Imagine being a Jewish family visiting your local NHS hospital and the staff that treat you are wearing Palestinian flags. Our hospitals should be places where every person entering feels safe and secure, and where those needing treatment can do so without discrimination.

But this wasn’t the case for a nine-year-old Jewish boy who attended the Royal Manchester Children’s Hospital. Wearing visibly Jewish attire, the boy was forced out of his bed to receive treatment on the floor by nurses wearing pro-Palestinian badges. According to the boy’s uncle, he was “was kicked out of his bay, by one of the nurses who was covered in Pro-Palestine badges and stickers” and due to that “had to lie on the floor with a canula in”.

The hospital trust has launched an investigation and has announced that communication with staff across the NHS has taken place, reminding them that the NHS dress code policy “does not permit the wearing of items of a political nature, including Palestinian badges.”

This is a welcomed response, but questions still surround why the Jewish child was discriminated against in the first place. The next time a Jewish patient is mistreated, the motive might not be so obvious by display of a pin badge. And more worryingly, the mistreatment could be far worse than being denied a hospital bed. It is tragic that this kind of antisemitic behaviour exists in Britain in 2024. A strong response is vital.

Since 7 October, there have been 66 reports of NHS staff breaching of the IHRA definition of antisemitism by and standards set out by the General Medical Council. In 2022 there was zero. Since the Hamas massacre, there has been a surge in the Palestinian flag is being used deliberately by antisemites to intimidate Jews.

The uncle, who lives in Tel Aviv, explained in a Twitter post that his nephew needs regular treatment at the hospital due to a rare blood disorder.

The man added: “Now the damage is done and my proudly Jewish nephew (and his parents) is scared to not get treatment if he wears his Kippa and tzitzit.

“Coincidentally, today when not visibly Jewish, he received quick care. Also worth noting, prior to the conflict he received excellent care,” the post adds.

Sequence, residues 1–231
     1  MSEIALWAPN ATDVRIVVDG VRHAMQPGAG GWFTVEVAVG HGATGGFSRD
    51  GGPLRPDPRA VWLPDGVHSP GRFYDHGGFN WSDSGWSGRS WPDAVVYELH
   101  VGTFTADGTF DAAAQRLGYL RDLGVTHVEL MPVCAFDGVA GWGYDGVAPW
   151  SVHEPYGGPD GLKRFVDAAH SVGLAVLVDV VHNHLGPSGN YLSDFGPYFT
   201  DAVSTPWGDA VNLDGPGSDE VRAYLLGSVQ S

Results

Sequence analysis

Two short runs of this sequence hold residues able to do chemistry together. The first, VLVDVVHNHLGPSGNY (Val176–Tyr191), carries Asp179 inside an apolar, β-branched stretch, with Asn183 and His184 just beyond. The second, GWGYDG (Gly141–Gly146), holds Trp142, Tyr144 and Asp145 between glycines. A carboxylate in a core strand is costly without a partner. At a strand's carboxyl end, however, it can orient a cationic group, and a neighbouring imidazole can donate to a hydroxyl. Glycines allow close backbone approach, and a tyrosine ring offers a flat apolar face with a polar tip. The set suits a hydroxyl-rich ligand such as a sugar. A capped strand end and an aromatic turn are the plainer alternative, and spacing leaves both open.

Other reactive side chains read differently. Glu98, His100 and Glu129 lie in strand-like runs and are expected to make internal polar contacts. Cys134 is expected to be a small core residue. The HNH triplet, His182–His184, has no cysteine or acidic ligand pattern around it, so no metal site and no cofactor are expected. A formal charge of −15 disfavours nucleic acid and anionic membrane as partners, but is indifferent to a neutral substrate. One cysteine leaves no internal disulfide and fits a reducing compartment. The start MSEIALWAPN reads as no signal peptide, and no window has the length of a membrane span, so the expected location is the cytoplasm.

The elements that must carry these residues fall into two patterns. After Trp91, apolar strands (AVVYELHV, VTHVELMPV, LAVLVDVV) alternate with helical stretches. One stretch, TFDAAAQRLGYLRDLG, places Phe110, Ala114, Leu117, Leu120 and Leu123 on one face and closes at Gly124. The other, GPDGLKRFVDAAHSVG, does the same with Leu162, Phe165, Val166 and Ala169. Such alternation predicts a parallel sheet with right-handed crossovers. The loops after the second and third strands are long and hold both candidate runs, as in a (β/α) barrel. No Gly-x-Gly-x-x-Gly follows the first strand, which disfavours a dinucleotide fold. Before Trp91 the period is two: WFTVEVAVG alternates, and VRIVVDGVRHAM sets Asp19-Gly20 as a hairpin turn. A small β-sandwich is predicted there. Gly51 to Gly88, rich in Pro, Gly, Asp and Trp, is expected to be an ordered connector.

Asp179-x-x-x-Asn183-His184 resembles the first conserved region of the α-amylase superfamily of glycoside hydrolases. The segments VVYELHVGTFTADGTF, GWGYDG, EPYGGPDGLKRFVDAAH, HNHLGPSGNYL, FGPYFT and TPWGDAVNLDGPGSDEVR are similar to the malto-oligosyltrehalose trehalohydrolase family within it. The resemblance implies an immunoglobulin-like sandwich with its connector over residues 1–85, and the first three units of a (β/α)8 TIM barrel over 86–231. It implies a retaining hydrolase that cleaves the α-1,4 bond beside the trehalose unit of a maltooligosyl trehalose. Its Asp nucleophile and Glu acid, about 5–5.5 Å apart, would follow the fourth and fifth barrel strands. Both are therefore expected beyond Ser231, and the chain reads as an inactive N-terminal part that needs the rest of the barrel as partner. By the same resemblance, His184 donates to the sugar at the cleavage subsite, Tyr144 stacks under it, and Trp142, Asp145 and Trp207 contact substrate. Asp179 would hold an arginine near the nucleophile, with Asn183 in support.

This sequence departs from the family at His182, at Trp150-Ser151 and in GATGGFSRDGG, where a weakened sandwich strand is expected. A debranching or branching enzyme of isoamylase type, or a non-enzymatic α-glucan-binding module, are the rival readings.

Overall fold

He added: “To be honest I’m not sure what can be done. At the very least I firmly believe that public medical healthcare professionals shouldn’t be wearing political pins that make people/children, scared/nervous/worry,” the post reads.

The man who made the original social media post has also shared an update which he said has involved contact with the NHS “directly at varying levels of seniority” to discuss the situation.

“It is clear from our conversations that this report was handled with the utmost respect and seriousness. They have assured us, both in public statements and privately to the family, that an investigation has been launched and that action is being taken.

In a statement, a spokesperson for Manchester University NHS Foundation Trust said: “We have reminded all staff of the need to adhere to the trust’s dress code policy which only permits the wearing of badges endorsed by officially sanctioned NHS campaigns.

“We do not tolerate any discriminatory practice and react swiftly where there is evidence of such behaviour. Our patients are our priority at all times, and we would like to reassure people of all faiths, and those of none, within our community.”

The statement added: “We have taken action and offered prompt reassurance that Manchester University NHS Foundation Trust, and the wider NHS, provides care and treatment for all people regardless of race, faith, or background, and does not discriminate.


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